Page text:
Wednesday, June 21, 2006

Foreclosure Tips From The Experts

Inman News has some tips on foreclosure buying. "'One risk in investing in properties at a foreclosure sale is not doing an appropriate title search and knowing what that property is encumbered with,' said Marvin E. Katz, an attorney in Fort Lauderdale, Fla., which represents lenders in foreclosure proceedings. 'If you think there's a lot of equity there, it could be that the second mortgage was foreclosed, and you're taking the property subject to the first mortgage.'"

"Colorado purchasers are warned of just such a possibility because an influential Colorado resident was burned in a foreclosure sale, said Jon Goodman, an attorney in Boulder who represents both mortgage holders and foreclosure investors. Under Colorado law, he said, public notices for foreclosures must give buyers a heads up that the lien being foreclosed may not be a first mortgage."

"Even if it's the first mortgage that's being foreclosed, you'll probably end up paying other liens, including mechanics or judgment liens, Goodman said. Also, you'll always take subject to an IRS lien and past-due property taxes."

"Though you may know the amount of past-due taxes, you can still end up being surprised by the taxes, said Bruce Bronster, a lawyer in New York City, who represents institutional clients such as lenders in foreclosure sales."

"'You buy thinking the house is taxed at a certain level,' he said, 'but you really need to understand what the taxes are because you may lose some exemptions. For instance, a veteran's or a senior citizen's exemption can be lost in a foreclosure sale, and you could get hit with higher taxes.'"

"Katz said that in Florida, homeowners' association dues and fees typically fall in a foreclosure sale, but not always. 'You have to check the homeowners' association documents,' he said. Condo associations are better protected under Florida law, he said, and you may be forced to pay back the full amount of past-due assessments if you buy at foreclosure sale."

"Goodman said he ran into a situation where a lender foreclosed and discovered the house on the property encroached onto the property next door. 'The neighbor was waiting, loaded for bear, for a deep pocket to go after,' he said, and when the bank foreclosed, he got just that. An unwitting investor might have just as easily been tagged with the headache of an encroaching property."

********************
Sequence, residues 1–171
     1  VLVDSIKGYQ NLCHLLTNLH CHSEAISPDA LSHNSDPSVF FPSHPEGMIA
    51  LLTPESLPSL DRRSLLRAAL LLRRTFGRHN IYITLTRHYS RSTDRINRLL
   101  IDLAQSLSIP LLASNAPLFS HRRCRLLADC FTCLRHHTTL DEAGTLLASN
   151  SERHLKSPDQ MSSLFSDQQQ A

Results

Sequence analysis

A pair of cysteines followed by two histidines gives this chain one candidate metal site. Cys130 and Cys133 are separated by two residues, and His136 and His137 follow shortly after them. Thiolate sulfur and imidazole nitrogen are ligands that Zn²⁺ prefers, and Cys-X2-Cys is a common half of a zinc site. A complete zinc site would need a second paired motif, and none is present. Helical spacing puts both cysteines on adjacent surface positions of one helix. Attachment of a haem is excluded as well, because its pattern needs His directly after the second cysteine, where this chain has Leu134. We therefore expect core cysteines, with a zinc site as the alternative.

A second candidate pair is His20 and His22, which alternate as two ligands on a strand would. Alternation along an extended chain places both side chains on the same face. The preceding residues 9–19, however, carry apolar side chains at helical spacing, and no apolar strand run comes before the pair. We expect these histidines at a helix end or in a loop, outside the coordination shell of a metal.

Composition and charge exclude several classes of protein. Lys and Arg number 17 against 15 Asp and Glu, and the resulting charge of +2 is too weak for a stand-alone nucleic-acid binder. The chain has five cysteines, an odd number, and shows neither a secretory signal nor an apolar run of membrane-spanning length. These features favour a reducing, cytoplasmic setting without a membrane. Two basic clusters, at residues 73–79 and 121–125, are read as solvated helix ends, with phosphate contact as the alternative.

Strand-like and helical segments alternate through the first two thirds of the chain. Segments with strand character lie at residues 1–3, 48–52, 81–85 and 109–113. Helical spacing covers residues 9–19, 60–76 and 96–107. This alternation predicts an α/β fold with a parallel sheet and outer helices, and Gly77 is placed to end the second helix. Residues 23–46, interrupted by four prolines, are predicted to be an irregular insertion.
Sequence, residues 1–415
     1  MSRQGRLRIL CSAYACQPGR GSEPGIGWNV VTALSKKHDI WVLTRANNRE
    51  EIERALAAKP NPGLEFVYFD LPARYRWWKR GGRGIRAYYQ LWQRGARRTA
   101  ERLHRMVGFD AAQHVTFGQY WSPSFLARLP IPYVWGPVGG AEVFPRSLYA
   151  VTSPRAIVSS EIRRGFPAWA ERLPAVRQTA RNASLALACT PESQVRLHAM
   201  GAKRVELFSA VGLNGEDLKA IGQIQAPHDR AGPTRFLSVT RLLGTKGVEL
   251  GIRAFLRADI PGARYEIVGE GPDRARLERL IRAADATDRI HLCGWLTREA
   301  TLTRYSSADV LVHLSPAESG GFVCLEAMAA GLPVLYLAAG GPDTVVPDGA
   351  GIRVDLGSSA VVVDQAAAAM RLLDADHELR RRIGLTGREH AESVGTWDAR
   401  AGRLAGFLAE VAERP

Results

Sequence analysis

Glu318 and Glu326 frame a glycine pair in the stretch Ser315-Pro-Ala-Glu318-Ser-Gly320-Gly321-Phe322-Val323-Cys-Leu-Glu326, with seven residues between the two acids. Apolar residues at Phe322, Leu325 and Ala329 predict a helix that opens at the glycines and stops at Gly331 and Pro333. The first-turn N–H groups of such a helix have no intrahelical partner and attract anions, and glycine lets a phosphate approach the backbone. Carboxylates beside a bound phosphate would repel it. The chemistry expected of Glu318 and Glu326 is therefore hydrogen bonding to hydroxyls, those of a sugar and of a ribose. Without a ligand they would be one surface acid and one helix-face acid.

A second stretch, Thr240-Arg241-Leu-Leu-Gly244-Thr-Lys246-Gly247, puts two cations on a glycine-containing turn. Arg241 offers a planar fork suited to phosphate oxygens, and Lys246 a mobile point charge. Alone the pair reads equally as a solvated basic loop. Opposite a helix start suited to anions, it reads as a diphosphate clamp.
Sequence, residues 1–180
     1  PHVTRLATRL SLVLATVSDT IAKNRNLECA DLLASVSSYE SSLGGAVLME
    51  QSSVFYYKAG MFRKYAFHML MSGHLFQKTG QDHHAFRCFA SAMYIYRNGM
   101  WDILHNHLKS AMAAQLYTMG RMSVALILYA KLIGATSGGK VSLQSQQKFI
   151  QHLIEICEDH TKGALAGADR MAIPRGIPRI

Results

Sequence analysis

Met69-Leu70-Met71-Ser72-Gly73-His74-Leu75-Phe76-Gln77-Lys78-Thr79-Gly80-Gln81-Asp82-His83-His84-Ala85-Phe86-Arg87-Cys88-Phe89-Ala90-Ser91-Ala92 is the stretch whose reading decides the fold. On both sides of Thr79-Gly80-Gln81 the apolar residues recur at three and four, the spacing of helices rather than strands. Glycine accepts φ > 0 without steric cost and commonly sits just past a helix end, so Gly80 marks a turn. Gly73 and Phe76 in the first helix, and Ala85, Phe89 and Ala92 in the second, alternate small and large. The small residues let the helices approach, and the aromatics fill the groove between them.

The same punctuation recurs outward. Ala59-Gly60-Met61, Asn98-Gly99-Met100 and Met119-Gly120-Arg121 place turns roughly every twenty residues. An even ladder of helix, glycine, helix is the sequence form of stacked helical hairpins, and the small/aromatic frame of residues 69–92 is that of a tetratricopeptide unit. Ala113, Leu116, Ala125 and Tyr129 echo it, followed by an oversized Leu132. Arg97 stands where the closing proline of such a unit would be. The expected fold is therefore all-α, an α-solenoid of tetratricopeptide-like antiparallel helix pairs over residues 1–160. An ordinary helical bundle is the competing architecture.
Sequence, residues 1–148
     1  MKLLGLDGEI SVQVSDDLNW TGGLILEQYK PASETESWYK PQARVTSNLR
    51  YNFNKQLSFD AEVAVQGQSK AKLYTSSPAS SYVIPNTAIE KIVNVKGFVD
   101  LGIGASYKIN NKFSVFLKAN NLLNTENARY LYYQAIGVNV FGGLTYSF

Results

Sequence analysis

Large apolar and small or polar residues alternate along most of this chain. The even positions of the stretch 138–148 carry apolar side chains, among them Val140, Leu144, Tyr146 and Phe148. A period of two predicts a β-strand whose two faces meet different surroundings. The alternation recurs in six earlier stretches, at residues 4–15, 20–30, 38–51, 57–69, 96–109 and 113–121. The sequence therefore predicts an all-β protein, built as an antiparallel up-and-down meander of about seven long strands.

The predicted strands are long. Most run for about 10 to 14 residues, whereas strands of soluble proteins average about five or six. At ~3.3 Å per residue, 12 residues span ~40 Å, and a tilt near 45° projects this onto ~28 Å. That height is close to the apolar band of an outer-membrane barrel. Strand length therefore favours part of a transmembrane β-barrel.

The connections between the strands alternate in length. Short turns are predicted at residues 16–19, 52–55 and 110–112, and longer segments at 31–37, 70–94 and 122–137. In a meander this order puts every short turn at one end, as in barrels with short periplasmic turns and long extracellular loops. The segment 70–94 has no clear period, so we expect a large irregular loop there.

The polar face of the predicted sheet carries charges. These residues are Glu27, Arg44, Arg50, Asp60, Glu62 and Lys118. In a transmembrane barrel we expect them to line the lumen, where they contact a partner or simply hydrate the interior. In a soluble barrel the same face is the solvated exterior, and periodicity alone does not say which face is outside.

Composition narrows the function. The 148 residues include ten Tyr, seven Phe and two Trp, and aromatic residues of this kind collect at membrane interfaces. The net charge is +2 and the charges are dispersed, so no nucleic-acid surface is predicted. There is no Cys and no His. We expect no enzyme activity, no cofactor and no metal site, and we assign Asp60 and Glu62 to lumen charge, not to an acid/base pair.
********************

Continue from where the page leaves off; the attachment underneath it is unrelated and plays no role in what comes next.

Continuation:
"The problem with an encroachment, Goodman said, is that you wouldn't necessarily learn of it by doing a title search. 'It would show up on a survey,' he said, 'but foreclosure investors generally don't ante up for a survey before they buy.'"

"Investors can also make huge mistakes by not reading the property's legal description or checking it against an actual address. 'In one case, a purchaser bought a dwelling unit that turned out to be a windowless basement unit with no kitchen or bathroom,' said Bronster. 'He was pretty unhappy and sued to undo the sale. He was successful because the court bent over backwards to help him out, but I think the court was wrong because it really is caveat emptor.'"

"In another case, the purchaser looked up the owner's address and drove by it. 'He saw a nice property in a nice part of town and bought it,' said Bronster. When the investor went to look at the property again after the sale, he realized the property he bought was at a different address than the owner's address he'd looked up. 'He'd bought a run-down single-family house on a different street that was a disaster,' Bronster said."

"The lesson is to read the legal description. 'Drive by the property to get a visual,' said Bronster. 'Look at the street address and make sure it matches the legal description.'"


At 8:50 PM, Blogger Chip said...

In the "old" days, title searches were done on every sold property in Florida. Now, I'm not sure you can get a full search if you wanted to -- searches having been replaced by the infinitely more profitable "Title insurance."

If I were buying a foreclosed property, I absolutely for-sure would want to know if there are any clouds on the title, but how does one do that?

At 7:49 AM, Blogger Loren said...

It just goes to show that when an investment class as a whole is overvalued it is very hard to find good values. The same goes for stocks. They, as a class, are way overvalued. That makes it very difficult to find any value in the market.

Once people are not interested in real estate and there aren't tons of peole at every auction then foreclosures may be worth looking at. With housing in general so overvalued it's not likely there will be any genuine deals in the foreclosure market. Mostly the bank is just trying to find a sucker to unload their headache onto.

My dad always used to clean up at farm auctions. He'd only bid on stuff no one else would bid on. Most times he wouldn't buy anything at all because people would bid things up to more than they were worth. But towards the end of the day or if the weather was really bad there were deals to be had.


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